Aiming High


Marie Parker-Jenkins, Des Hewitt, Simon Brownhill & Tania Sanders

  • Citations
  • Add to My List
  • Text Size

  • Chapters
  • Front Matter
  • Back Matter
  • Subject Index
  • Dedication

    To our families and friends


    View Copyright Page

    Glossary of Terms

    • ‘Asian’ – used generically to include people of South East Asian heritage, for example Indian, Pakistani, Bangladeshi and Kashmiri.
    • asylum seeker – someone who has crossed an international border and is seeking safety or protection in another country. This involves awaiting a government decision as to whether they can remain.
    • attainment – the personal achievement of pupils and their acquisition of knowledge as measured in an academic environment and evidenced by performance in formal tests, such as the Statutory Test Framework and GCSE (QCA 1999).
    • bilingual student – a student who has access to, or needs to use, two or more languages at home and school. It does not imply fluency in the languages and includes students who are beginning to learn English (Rutter 2001).
    • Black – a term used increasingly since the 1970s to refer to people of African, Caribbean, mixed/race or dual heritage, and those of South Asian descent.
    • class – social class refers to the socio-economic position of people in society, their financial situation and their access to public services.
    • community – a group of people with shared values, ethnic, religious and/or linguistic background.
    • culture – ideas, techniques and habits which are passed on by one generation to another.
    • cultural racism – dislike or discrimination against someone on the basis of their culture.
    • development – in learning this can be conceived as the child's adaptation to his or her environment. Children develop physically, emotionally, cognitively and socially, and some would argue that children also develop at a moral or spiritual level.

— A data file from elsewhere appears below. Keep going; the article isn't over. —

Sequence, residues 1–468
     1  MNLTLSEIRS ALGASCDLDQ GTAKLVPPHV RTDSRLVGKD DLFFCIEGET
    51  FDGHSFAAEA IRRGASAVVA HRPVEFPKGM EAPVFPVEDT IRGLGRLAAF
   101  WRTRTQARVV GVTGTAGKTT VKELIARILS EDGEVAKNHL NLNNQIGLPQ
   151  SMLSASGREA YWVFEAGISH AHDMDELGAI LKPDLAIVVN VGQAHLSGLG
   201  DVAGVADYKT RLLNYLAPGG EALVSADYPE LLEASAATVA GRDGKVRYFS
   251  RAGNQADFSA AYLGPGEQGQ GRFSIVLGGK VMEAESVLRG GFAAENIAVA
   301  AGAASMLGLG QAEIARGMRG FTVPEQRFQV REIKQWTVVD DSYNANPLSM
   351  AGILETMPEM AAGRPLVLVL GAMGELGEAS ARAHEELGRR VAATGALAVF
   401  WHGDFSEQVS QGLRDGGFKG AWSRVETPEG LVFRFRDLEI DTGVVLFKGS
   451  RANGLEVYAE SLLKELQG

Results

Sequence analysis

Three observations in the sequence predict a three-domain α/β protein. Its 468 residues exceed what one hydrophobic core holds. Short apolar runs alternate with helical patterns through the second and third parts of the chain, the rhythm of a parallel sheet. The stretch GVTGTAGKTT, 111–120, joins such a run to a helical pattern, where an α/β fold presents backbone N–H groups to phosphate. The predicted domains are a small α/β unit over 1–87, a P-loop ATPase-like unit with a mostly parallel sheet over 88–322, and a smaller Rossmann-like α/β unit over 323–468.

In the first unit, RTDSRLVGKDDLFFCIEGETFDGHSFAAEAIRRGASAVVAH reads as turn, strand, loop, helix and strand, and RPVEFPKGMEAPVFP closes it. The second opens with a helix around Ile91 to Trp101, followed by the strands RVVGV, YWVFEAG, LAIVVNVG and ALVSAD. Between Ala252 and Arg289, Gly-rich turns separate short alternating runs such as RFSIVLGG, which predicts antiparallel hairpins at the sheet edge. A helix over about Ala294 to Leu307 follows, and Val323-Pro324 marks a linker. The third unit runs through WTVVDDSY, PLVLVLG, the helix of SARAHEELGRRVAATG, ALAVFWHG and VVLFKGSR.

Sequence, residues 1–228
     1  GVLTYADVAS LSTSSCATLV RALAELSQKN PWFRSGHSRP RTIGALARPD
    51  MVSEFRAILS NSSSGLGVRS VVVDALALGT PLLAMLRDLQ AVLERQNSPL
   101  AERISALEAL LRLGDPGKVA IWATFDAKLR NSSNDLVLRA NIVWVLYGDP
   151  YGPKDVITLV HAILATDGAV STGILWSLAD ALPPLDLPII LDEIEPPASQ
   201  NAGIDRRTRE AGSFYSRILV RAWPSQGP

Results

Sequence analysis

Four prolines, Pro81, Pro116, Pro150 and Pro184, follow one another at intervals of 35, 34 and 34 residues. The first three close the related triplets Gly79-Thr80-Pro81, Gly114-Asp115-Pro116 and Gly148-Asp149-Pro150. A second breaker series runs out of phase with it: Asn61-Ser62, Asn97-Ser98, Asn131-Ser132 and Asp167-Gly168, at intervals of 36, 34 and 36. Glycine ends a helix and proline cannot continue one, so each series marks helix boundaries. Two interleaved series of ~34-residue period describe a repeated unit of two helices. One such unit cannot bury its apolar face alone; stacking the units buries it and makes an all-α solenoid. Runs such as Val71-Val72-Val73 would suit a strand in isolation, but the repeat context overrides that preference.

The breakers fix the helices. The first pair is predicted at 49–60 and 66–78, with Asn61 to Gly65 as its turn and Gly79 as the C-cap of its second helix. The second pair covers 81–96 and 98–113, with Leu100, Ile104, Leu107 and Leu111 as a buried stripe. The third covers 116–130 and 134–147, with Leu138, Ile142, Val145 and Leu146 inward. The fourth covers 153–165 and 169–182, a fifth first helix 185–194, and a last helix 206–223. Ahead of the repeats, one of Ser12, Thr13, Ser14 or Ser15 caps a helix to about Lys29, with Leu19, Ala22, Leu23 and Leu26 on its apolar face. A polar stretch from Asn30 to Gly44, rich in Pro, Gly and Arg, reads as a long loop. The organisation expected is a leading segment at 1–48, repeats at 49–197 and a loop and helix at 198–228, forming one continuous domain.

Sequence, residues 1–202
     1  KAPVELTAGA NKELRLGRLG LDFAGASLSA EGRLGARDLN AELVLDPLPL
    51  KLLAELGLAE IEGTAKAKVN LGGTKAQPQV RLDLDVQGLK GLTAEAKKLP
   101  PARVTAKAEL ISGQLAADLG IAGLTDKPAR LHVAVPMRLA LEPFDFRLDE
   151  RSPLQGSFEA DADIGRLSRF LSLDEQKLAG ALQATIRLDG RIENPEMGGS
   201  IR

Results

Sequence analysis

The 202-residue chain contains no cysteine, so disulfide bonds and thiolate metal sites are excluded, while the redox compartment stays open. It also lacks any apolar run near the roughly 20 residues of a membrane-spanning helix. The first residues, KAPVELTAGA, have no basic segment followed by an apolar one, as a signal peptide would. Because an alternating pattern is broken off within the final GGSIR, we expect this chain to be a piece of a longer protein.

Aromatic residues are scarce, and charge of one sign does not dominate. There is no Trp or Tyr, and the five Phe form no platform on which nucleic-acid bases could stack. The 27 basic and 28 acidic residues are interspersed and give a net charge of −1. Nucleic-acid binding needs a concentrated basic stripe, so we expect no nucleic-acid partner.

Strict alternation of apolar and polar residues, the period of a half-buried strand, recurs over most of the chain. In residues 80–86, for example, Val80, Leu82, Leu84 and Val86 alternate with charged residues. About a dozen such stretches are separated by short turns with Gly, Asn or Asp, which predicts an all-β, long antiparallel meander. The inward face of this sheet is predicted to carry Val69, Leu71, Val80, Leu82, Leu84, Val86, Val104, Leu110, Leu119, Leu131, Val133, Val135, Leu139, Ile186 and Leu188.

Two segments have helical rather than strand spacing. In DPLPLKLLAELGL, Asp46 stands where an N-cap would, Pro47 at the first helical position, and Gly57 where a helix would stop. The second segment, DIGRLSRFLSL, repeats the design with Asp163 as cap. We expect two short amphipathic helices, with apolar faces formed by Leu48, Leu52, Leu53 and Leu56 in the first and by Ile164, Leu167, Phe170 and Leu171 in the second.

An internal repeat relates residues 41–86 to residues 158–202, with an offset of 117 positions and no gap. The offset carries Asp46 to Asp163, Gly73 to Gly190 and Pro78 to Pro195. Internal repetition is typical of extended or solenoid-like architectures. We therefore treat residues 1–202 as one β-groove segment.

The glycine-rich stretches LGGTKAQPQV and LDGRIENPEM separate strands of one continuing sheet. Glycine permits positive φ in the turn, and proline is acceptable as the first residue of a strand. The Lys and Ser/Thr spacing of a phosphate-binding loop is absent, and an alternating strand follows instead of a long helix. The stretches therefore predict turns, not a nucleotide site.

• dual heritage – the possession of two cultural backgrounds.
    • EMAG – Ethnic Minority Achievement Grant
    • English as an Additional Language – pupils who speak English as an additional language (EAL).
    • ethnicity – relates to a person's place of birth or historical place of origin, symbolized by visible signifiers such as colour, dress, lifestyle or birthplace allegiance.
    • Eurocentric – placing White Europeans and/or Americans as the norm and the sole contributors to such things as scientific discovery.
    • Every Child Matters – a new government approach (DfES 2006c) to the well-being of children and young people from birth to age 19. Organizations that provide services to children are required to work together in terms of policies and strategies to improve outcomes for children.
    • gender – refers to the social meaning of what it is to be male or female rather than biological characteristics.
    • Gypsy – a term originating in Egypt which refers to a range of different ethnic and cultural groups who live a nomadic lifestyle.
    • Islamophobia – hostility towards Islam and fear and/or dislike of Muslims.
    • Local Authority (LA) – local authority, formerly known as LEA (Local Education Authority), legally responsible for the management of public affairs at a local level.
    • madrassah – religious or mosque school.
    • mentoring – to guide, support and give advice.
    • minority ethnic group – people who are identifiably different, sometimes through language, accent, religion or dress, from the majority ethnic population.
    • mixed race – refers to people who have more than one racial origin, now more commonly replaced by the term ‘dual heritage’.
    • parent/carer – someone who has the legal responsibility for a child, aged 0-18. Legal responsibility varies according to case orders placed by the court and is mostly a matter of joint responsibility with the local authority.
    • practitioners – teachers, trainees, teaching assistants (namely adults working in the classroom with pupils).
    • racism – consists of conduct or words or practices which disadvantage or advantage people because of their colour, culture or ethnic origin. It may be overt or subtle, and underpinned by power.
    • RAISE project – funded by the Yorkshire Forward regional development agency to reduce and remove inequalities concerning the achievement of young people of Pakistani and Kashmiri heritage.